Handicapping Football Turnovers

Handicapping Football Turnovers

Written for Predictem Courtesy of the betting pros at (Twitter) @misterquinnbets.

How many times have you watched a football game and a turnover has decided your fate, win or lose, as a bettor? Handicapping turnovers isn’t an exact science, but by understanding and examining turnover ratios prior to placing your wager, you’ll be able to more accurately factor the turnover element into your analysis and increase your chance of being a successful football bettor.

The first thing to consider when attempting to handicap turnovers is to acknowledge that a majority of turnovers are a result of the quarterback throwing an interception or a running back fumbling the ball. Makes sense since they are the ones physically holding the ball more often than not. With that in mind, it is key to review the long term history of the QBs and the top 3 running backs on a team. However, when examining those statistics, don’t just look at raw numbers. Investigate game-by-game breakdowns. Does this QB have a history of throwing more interceptions early in the season or late in the year? How does this QB perform against strong versus weak defenses? Does home versus road correlate to how often an interception is thrown? Do weather conditions affect this QB’s turnovers? Has this QB progressed or regressed during their career? Does this QB get sacked a lot? Getting sacked a lot implies a weak offensive line and/or a QB that holds the ball too long and/or receivers that aren’t able to create space. In all those cases, you’re looking at a QB that is probably under pressure, running out of the pocket, forcing throws and is indecisive; all of which are bad signs and probably show in the numbers. Similar questions should be raised when performing the same investigation on the running backs. Remember, players are human. They have certain habits and tendencies that are hard to break and that is why establishing a long-term analysis of their propensity for making turnovers is a critical element in your turnover examination.

Winning the turnover battle usually results in a cover. That is a simple, yet, truthful statement. Below we’ll engage in a simple investigation to analyze the correlation between turnover ratio and ATS record. First, let’s look at the raw numbers from the 2011 NFL regular season for the top and bottom 3 turnover ratio teams in each conference.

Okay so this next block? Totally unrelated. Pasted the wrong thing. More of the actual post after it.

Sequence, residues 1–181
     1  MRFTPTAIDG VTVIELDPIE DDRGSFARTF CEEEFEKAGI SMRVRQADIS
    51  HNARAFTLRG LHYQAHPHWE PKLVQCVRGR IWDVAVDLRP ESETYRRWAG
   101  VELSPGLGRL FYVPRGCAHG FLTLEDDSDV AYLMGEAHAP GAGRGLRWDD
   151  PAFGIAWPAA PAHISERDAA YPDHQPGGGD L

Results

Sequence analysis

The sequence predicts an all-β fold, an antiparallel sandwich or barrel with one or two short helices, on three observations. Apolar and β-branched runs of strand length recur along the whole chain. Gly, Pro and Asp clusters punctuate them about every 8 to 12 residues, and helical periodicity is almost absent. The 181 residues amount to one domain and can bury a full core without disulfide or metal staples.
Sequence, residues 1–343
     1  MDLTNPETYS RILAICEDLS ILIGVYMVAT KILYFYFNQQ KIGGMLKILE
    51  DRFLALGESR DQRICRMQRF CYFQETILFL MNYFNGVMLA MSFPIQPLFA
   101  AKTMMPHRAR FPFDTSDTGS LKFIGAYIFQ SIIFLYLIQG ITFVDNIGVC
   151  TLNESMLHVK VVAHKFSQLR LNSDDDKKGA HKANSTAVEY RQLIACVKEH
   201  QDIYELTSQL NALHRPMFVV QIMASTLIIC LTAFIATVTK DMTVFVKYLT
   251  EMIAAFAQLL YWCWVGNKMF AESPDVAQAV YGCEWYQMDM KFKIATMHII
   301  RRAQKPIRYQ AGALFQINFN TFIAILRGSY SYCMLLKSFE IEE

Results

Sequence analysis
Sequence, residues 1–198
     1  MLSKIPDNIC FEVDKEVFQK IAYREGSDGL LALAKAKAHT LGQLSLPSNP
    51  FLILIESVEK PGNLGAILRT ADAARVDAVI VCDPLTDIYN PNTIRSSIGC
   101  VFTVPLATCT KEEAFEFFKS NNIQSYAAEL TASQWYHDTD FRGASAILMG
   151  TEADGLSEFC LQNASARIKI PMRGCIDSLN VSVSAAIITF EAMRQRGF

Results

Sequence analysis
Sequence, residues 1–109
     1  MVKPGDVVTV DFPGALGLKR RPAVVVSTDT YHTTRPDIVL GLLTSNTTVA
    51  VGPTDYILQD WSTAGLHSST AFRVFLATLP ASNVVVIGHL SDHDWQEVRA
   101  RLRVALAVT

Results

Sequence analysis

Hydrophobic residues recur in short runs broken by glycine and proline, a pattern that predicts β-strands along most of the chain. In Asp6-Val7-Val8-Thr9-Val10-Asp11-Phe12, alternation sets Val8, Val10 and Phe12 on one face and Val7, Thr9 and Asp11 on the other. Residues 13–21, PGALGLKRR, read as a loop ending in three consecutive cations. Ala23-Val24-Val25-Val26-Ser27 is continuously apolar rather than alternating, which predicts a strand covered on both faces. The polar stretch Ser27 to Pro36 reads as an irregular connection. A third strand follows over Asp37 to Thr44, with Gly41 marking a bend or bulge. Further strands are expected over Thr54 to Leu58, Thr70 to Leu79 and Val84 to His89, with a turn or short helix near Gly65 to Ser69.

NFC
Team TO Ratio ATS Record
49ers +28 12-3-1
Packers +24 11-5
Lions +11 7-7-2
Eagles -14 8-8
Redskins -14 7-9
Buccaneers -16 4-12
AFC
Team TO Ratio ATS Record
Patriots +17 9-7
Texans +7 9-5-2
Jaguars +5 7-8-1
Broncos -12 7-9
Colts -12 6-10
Steelers -13 7-9

As you can see, just blind betting the teams with the best or worst TO ratio would have resulted in profitable wagering. Needless to say, it isn’t that simple; however it does give you a good starting point to build from. Let’s start in the NFC with the two teams that led the whole league in TO ratio, the 49ers (+28) and the Packers (+24). It should come as no surprise that with TO ratios like that, the Niners finished 13-3 overall and a league best 12-3-1 ATS and the Packers went 15-1 with an ATS record of 11-5, third best. On the flip side of the TO ratio statistic in the NFC is the Philadelphia Eagles. You can’t be a “Dream Team” and have a -14 TO ratio and expect to win games. Obviously, there are a lot of other factors at play, but this is one of the most telling and easiest to correlate. In the AFC, the Steelers and Jaguars are statistical anomalies when it comes to TO ratio. The Steelers finished 12-4 overall even with a conference worst TO ratio. Jags went 5-11 and had a losing ATS record. Strange occurrence and proves that TO ratio alone won’t get you to the window.

Early in the season you’ll have to rely more on the long-term game-by-game investigation of the QBs and running backs. As the year progresses, you’ll have more data to examine and reasonable to assume trends and tendencies will begin to show. Thus, your ability to handicap turnovers should get stronger as the year wears on. Sometimes turnovers are just random occurrences where you could say you were “unlucky”. However, by applying a critical eye to turnover statistics you can help mitigate your risk and your “luck”. Turning the ball over more often than not will result in losses. Throughout the football season, keep an eye on teams that protect the football and manage the game well. Those will be teams that could be ATS cash cows and have you running to the window with winners.

Good luck and keep cashing!